INDIANAPOLIS -- IndyCar Series champion Scott Dixon was initially shown as the winner of the season's final race because of a faulty transponder on his race car, the Indy Racing League said Monday.
The electronic timing showed Dixon was the winner of Sunday's PEAK Indy 300 at Chicagoland Speedway, but race officials studied photos of the finish and gave the victory instead to Helio Castroneves. The margin was 0.0033 seconds, the second-closest finish in IRL history.
"The improperly installed transponder clearly affected the data we were receiving from Dixon's car," IRL timing and scoring director Jon Koskey said. "With the signal going the wrong direction, it could have bounced off of any number of things and made it difficult for the antenna to pick up an accurate signal."
The IRL timing system is backed up by a high-speed camera that takes a picture every ten-thousandth of a second.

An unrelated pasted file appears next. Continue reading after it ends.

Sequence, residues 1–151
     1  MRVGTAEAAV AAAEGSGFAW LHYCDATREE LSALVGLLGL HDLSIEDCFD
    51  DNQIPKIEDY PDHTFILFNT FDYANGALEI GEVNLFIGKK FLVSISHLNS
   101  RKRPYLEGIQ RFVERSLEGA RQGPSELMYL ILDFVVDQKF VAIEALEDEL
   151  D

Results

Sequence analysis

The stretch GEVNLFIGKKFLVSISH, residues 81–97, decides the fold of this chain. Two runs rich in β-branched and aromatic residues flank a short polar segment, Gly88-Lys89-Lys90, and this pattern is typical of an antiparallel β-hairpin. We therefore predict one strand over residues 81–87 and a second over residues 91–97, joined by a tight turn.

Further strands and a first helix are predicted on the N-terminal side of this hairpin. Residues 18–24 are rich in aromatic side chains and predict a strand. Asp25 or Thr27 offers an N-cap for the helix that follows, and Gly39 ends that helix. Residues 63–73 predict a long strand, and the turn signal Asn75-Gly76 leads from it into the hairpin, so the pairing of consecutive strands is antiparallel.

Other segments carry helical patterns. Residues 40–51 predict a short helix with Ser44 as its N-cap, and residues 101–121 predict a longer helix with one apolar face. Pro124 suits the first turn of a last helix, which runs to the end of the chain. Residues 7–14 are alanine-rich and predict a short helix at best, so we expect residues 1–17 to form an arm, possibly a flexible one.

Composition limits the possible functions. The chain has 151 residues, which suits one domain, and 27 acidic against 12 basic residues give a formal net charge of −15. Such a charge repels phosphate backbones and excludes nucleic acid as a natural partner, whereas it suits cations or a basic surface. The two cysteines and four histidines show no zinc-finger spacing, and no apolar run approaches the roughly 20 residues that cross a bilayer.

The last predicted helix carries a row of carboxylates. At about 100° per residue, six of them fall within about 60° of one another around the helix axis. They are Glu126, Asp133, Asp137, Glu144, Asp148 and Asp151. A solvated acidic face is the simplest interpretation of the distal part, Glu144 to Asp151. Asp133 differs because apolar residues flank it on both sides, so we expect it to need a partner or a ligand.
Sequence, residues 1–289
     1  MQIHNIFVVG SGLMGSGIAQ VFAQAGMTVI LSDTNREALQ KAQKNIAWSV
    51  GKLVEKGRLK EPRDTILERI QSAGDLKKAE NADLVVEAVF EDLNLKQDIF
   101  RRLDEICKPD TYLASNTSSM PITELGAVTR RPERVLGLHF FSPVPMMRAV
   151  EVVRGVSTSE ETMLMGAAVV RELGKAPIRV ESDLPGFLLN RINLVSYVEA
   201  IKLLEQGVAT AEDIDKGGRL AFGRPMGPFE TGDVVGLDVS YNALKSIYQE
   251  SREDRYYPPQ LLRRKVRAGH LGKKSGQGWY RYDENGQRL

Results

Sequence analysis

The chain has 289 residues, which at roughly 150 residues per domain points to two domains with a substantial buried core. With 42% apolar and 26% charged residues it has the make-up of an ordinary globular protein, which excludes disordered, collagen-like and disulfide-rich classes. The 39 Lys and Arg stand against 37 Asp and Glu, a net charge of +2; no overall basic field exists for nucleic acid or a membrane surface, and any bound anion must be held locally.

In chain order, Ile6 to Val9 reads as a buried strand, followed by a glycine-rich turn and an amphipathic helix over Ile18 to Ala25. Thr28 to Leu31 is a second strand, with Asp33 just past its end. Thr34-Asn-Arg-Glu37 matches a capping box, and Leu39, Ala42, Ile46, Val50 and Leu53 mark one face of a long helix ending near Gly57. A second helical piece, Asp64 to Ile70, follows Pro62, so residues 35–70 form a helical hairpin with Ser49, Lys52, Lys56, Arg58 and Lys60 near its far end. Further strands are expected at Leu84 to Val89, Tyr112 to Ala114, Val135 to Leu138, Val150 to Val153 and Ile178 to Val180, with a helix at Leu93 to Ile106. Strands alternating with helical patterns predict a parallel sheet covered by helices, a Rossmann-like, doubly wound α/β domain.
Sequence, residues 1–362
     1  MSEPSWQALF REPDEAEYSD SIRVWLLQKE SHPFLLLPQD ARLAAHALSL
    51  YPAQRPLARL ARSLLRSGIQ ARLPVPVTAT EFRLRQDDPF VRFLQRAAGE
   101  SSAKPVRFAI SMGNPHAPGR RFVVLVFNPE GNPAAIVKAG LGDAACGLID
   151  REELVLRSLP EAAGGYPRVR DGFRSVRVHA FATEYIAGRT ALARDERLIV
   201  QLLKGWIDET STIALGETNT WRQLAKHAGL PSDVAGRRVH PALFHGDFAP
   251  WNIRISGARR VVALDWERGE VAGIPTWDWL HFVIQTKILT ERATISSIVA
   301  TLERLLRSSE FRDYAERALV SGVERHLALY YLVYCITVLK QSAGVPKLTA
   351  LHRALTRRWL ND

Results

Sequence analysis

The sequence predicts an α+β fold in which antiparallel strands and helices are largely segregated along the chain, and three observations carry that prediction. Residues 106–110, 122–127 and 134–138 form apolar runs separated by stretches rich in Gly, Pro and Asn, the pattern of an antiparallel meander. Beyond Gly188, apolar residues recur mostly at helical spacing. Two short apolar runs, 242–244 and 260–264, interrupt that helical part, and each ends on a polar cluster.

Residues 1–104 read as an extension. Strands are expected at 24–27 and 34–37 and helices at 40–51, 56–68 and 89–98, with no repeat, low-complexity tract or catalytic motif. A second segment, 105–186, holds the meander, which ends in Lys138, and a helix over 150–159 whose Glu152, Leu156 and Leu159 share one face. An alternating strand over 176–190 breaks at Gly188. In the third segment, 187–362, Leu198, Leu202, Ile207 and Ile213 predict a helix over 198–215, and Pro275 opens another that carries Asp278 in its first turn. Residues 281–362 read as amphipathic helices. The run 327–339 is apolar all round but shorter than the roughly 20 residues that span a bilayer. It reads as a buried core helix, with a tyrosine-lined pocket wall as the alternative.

After the race, the camera operator told race stewards that the photos showed Castroneves in front at the finish line, and IRL president Brian Barnhart reviewed the photos and confirmed Castroneves was the winner. By that time, Dixon had already gone to Victory Circle to celebrate both the race win and the series championship.
"It was the craziest Victory Circle I've been involved in, where you see your car rolled into position, you get out like you won the race and they roll it off and take your hat off you and say you haven't won," Dixon said Sunday after the mistake was corrected. "That was tough to deal with but, in the back of my mind, we all knew we'd won the championship, and that was the main goal."
The second-place finish left Dixon 17 points ahead of Castroneves for the IndyCar championship, his second IRL title.
"We've invested hundreds of thousands of dollars in this system since 2001 to make sure our timing systems are accurate and provide the officiating staff with the information necessary to make good judgment calls such as this," Barnhart said.
The IRL's timing and scoring system is the only one in motorsports that scores to ten-thousandths of a second.
"We use the high-speed camera to review the finishing order of every car at every race. It's not always that close between the top two cars, but we have close finishes further back in the field all of the time," Barnhart said.